How Radiation is Measured
Radiation is measured in many related, but not quite the same, forms. This section is meant to be a resource for understanding what the main kinds of measurements mean, to better understand both natural and human-caused radiation exposure. To understand what you're exposed to naturally, from medical treatments or nuclear power plants, there are four different categories of measure: Radioactivity, Exposure, Absorbed dose, and Dose equivalent (READ). While all of these measures are important and interrelated, a dose equivalent is the most directly related to health effects.
Before contact with anything living, radioactivity is a measure of atoms disintegrating over time. Using Becquerel (1 disintegration per second) or Curie (37 billion disintegrations per second), the raw activity of a material is measured. The curie, so many times larger than a becquerel, is a benchmark equal to the activity of 1 gram of pure radium. This activity, however, doesn't take into account what is emitted; which could be an alpha particle, beta particle, gamma ray, x-ray or some combination(1). As each of these forms of radiation pass through any object, there is an ionizing effect which disrupts molecules and, ultimately cells and DNA. While all ionizing radiation causes damage in this way (measured in doses as the energy left behind), damage is not done equally by all forms.
Long term exposure to radiation can cause normally non-radioactive materials (for example, some items Marie Curie used in her research) to be similarly active.
Exposure, either acute (a large dose over a short period of time) or chronic (long term exposure to smaller or more constant levels of radiation) can be measured in roentgen (R) and coulomb/kilogram (C/kg). From the CDC "a measure of ionization in air caused by x-rays or gamma rays only."
Doses (absorbed and equivalent)
Two common units of radiation are Gray and Sievert. For most normal exposure levels measurements are done in the scale of centi- or milli-Sieverts--with typical, natural background radiation leading to 2.4 mSv per year (according to UNSCEAR data(2)). While the two can be compared to each other in a one to one ratio(3), they define different aspects of radiation exposure.
Gray (Gy) is defined as an absorbed dose of radiation. For one Gray, that is one joule of energy (in the form of ionizing radiation) absorbed by one kilogram of tissue. Because Gray doesn't distinguish between forms of radiation, just its total energy, it can misrepresent some of the more damaging forms of radiation (gamma). From the U.S. Department of Health and Human Services' Radiation Emergency Medical Management: "Gray can be used for any type of radiation (e.g., alpha, beta, neutron, gamma), but it does not describe the biological effects of different radiations."(4)
The Sievert (Sv) on the other hand, is defined as the amount of radiation necessary to produce the same effect of one Gray. It is a measured dose equivalent, which takes into account the kind of ionizing radiation that a person is exposed to (some are less damaging to health than others). Because not all radiation causes the same biological effect, even for the same energy of an absorbed dose, this is a useful translation of a measure like Gray. Measuring radiation, a Geiger Counter will typically display either a dose equivalent like Sievert or a count of ionizing events per second.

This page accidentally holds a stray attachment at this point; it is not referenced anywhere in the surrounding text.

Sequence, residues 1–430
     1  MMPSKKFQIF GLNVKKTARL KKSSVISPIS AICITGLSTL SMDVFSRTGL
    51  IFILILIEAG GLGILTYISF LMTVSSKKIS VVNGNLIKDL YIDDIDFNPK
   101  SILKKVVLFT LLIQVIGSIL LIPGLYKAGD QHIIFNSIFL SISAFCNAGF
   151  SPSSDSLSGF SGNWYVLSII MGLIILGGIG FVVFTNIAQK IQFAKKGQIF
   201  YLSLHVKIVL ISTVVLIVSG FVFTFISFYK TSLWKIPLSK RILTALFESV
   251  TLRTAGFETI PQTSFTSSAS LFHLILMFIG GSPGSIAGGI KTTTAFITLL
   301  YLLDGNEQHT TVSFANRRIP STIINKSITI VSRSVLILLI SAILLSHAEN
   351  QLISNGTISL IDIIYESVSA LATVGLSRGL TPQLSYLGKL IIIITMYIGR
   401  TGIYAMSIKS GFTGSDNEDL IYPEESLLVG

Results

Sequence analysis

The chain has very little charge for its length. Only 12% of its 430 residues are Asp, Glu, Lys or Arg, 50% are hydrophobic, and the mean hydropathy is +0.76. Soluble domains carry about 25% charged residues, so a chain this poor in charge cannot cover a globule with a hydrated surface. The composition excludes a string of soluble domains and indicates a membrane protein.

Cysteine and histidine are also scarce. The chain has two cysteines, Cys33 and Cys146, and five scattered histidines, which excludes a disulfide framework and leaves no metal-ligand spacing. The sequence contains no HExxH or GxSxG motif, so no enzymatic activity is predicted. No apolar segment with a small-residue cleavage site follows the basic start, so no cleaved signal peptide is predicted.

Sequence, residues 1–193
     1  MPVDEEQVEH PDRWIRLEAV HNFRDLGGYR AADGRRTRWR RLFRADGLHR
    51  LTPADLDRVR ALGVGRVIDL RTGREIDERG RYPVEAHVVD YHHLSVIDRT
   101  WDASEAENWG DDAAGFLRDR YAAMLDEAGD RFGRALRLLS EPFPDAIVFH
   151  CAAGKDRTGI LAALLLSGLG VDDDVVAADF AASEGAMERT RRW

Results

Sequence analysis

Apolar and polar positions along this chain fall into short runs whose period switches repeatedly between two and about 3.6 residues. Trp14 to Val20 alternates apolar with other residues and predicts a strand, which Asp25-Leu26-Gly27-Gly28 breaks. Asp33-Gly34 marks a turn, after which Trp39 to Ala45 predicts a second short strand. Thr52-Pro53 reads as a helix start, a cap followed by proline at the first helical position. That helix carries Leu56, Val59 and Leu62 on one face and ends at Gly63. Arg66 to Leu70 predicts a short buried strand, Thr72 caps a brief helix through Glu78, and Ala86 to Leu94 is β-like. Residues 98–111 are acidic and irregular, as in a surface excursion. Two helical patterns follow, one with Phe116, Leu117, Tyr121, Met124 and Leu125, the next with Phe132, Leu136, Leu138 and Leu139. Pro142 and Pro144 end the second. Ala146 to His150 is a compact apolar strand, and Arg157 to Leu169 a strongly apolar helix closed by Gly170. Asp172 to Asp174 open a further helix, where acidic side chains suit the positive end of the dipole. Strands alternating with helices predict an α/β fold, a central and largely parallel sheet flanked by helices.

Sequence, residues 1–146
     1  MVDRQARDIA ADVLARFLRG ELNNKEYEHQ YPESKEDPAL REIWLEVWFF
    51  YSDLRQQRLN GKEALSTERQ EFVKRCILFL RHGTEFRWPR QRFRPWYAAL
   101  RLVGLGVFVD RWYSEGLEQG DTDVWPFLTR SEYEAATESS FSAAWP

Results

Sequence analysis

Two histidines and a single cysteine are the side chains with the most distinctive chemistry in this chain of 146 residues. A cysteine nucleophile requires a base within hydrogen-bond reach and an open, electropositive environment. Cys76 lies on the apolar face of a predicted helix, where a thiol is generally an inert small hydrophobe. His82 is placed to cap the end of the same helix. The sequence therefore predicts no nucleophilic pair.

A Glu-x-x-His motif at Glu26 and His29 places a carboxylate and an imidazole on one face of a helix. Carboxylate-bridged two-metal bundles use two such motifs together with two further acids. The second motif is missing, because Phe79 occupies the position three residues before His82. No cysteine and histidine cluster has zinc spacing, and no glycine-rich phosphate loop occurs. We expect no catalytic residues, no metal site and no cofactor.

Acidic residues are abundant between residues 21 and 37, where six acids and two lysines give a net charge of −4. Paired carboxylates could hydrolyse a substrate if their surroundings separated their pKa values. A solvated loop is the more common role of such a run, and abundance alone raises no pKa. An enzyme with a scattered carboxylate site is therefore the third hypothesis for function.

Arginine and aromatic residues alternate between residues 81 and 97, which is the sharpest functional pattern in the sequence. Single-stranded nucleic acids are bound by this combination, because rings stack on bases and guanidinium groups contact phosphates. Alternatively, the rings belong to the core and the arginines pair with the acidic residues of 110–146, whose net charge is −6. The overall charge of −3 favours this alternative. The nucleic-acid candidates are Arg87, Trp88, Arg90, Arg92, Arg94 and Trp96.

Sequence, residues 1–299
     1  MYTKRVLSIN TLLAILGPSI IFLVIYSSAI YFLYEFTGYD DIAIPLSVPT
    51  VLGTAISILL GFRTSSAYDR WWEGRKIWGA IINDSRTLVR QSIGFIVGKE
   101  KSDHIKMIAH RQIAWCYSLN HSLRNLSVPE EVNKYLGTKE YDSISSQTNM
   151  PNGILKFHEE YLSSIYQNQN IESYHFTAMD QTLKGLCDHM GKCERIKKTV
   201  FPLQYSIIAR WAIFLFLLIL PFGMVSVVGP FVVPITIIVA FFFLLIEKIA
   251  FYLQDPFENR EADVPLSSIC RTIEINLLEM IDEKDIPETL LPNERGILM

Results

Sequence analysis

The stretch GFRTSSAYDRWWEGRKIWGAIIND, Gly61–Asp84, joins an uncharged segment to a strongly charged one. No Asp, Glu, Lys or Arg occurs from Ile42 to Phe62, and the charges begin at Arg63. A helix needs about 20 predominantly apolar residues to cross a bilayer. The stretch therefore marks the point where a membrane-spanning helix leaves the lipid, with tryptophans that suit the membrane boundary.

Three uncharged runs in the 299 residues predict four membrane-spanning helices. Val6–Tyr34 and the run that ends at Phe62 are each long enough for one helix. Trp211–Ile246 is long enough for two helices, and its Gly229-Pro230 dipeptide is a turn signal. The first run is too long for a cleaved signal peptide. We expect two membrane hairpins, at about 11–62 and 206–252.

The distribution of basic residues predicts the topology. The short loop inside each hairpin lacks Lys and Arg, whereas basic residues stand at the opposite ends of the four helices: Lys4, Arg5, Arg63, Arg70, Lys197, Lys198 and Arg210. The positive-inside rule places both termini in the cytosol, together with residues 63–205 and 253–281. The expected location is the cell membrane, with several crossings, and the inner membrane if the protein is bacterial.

Other forms of doses include: Rem (a dose equivalent like Sievert) and Rad (a absorbed dose measure like Gray).
Some good sources on radiation measurement can be found below:
1. CDC. Primer on Radiation Measurement. http://emergency.cdc.gov/radiation/glossary.asp#primer (Accessed March 2016)
2. Cuttler J. (2012). Appropriate Radiation Level for Evacuations. https://www.youtube.com/watch?v=tSiZ2_Vo2-Y (Accessed March 2016)
3. Translators Cafe. http://www.translatorscafe.com/cafe/EN/units-converter/radiation-absorbed-dose/25-17/millisievert-centigray/ (Accessed March 2016)
4. U.S. Department of Health and Human Servicesí Radiation Emergency Medical Management. https://www.remm.nlm.gov/dictionary.htm (Accessed March 2016)
Models of Exposure and Risk
Radiation, specifically ionizing radiation is, by its nature, harmful to human health (and that of most living things). There's a no-threshold understanding of radiation safety that is well established in related policies for medicine, nuclear power, national and international guidelines. Most noticeably, it's what defines evacuation zones around nuclear power plants in the event of a disaster--like the wide area around Fukushima Daiichi that was evacuated in 2011. In an effort to avoid unnecessary exposure to radiation, this wider evacuation was responsible for death and hardship of its own. As a result, some believe the evacuation zone caused unnecessary hardship(1) while others think it was the right response; some former residents are still concerned about returning(2). There was even public fear of contaminated waters in other nations. So what was the risk from radiation and what were people still exposed to? These decisions are guided by how we see radiation; two perspectives assessing risk being the Linear No-Threshold or radiation Hormesis models. This reference doesn't provide exact risk information from exposure levels, as the scientific understanding is constantly being refined; but will provide the underlying concept and reasoning for different models along with external links to scientific references with more information.